The world’s leading powers have made grave mistakes when dealing with ideological conflicts, playing into the hands of extremists. That’s why it’s time for an international treaty to ban the political use of religion
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The Independent Voices
It is an understatement to say that the political use of religion has had a corrosive influence throughout human history. It continues to ignite and sustain the most intractable global conflicts. Unfortunately most of the worst abuses of religion in politics today are carried out in the name of Islam, but the political use of any religion has led – and will always lead – to the same results.
The theocratic revolution in Iran, which is centred on exporting sectarian ideology, was a turning point: it has ignited, over four decades, the rise of dark forces across Middle East and beyond. The situation has only got worse since the destabilising of Iraq by the American-led invasion in 2003 and the subsequent uprisings in many countries in the region in 2011, which opened a Pandora’s hox, as any anarchy always does.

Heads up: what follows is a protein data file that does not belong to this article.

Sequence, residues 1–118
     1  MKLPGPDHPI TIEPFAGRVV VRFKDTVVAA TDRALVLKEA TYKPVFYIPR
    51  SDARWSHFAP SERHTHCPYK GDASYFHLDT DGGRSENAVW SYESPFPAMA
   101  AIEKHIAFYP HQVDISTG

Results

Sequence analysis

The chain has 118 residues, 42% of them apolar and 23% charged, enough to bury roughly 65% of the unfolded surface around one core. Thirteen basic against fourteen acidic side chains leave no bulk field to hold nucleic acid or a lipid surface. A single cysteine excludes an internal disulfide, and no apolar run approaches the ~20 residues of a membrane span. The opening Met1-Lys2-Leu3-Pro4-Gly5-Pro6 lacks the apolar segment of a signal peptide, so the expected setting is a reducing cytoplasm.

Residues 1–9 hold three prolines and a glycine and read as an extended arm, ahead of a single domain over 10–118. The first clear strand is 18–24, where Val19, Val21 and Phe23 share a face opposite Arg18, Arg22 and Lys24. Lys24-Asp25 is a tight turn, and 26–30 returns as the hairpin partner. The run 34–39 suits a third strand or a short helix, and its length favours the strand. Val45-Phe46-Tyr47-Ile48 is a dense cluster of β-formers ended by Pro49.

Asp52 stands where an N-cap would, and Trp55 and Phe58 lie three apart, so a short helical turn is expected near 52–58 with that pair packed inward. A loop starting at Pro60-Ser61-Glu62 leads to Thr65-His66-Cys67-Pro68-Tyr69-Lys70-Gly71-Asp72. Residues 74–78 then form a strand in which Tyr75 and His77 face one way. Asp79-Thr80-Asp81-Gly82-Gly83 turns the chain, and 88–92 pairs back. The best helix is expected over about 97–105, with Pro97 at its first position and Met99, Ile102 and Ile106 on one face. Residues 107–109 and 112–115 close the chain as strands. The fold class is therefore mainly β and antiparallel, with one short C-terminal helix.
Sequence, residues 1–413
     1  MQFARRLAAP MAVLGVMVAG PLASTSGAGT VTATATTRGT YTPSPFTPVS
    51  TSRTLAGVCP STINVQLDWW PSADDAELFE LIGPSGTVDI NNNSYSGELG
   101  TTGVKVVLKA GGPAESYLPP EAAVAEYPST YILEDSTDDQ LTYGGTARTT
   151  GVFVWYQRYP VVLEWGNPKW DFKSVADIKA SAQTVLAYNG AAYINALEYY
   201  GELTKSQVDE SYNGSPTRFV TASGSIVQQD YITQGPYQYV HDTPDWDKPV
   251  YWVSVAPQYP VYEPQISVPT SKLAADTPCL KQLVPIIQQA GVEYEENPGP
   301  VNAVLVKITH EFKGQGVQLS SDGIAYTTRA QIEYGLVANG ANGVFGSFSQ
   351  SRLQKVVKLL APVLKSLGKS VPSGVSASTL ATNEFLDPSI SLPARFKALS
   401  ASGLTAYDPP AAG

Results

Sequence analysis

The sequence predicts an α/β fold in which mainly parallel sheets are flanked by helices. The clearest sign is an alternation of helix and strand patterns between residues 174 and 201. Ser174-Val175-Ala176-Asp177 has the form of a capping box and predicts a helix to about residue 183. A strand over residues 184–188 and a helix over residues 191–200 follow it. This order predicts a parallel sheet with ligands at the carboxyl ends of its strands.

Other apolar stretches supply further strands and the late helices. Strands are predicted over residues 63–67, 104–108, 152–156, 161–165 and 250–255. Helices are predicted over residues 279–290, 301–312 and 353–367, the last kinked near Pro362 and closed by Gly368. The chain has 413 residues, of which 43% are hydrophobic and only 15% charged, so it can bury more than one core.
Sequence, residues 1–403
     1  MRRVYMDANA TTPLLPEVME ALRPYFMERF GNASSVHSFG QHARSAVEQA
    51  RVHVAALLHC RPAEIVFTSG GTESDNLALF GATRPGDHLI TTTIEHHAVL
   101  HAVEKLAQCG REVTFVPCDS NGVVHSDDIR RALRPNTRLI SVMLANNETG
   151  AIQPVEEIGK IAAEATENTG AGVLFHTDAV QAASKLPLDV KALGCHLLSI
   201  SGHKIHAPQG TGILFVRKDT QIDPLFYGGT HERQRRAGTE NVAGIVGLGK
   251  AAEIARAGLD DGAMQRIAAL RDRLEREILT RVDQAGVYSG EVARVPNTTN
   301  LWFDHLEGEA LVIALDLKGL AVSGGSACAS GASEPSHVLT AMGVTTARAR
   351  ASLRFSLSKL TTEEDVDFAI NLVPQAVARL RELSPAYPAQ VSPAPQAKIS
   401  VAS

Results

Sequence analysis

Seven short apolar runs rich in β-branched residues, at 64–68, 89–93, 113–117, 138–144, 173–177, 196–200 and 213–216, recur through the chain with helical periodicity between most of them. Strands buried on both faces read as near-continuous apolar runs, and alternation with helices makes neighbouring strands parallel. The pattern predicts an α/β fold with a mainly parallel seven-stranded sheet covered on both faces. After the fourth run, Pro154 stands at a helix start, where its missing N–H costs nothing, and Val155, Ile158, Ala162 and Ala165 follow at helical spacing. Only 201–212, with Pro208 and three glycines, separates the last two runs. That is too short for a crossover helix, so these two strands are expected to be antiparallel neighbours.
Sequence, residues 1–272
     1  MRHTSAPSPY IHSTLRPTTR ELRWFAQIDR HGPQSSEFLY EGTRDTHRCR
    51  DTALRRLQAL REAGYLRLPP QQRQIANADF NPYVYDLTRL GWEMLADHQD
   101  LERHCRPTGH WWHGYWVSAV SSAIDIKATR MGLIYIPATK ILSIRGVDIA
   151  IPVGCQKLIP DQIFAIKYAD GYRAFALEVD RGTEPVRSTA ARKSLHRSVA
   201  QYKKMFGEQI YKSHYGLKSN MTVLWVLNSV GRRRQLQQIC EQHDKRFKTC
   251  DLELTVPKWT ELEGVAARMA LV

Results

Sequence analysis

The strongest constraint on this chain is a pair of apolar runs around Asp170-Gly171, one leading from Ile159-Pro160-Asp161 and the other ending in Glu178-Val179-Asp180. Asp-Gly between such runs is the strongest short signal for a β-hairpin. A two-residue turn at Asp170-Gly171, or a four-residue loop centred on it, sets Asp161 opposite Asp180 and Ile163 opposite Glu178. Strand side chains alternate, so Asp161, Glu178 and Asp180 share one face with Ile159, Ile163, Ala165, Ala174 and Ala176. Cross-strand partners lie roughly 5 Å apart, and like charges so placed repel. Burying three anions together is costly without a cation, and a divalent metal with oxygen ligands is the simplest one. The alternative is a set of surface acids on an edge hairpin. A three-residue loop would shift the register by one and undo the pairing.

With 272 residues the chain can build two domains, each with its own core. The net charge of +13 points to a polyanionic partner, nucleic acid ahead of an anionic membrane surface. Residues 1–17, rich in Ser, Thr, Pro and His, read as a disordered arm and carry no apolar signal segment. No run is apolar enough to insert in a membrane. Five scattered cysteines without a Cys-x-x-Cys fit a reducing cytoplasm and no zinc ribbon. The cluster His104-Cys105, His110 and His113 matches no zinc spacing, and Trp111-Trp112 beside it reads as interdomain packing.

The trend towards theocracy is taking hold in countries including but not limited to Turkey, Iraq, Lebanon, Syria, Afghanistan, Pakistan, Libya, Yemen and Nigeria. And it holds a significant influence over social groups and individuals across the world, including western nations. It’s easy to place all the blame on exclusionist, impetuous regimes, but that would ignore the way the world’s leading powers have regularly made grave mistakes when dealing with these ideological conflicts, playing directly into the hands of sectarian and extremist groups.
The international community is dedicating enormous effort and resource to dealing with the consequences of the political abuse of religion. But it could be much more effective if it orchestrated a meaningful, global response to the root causes.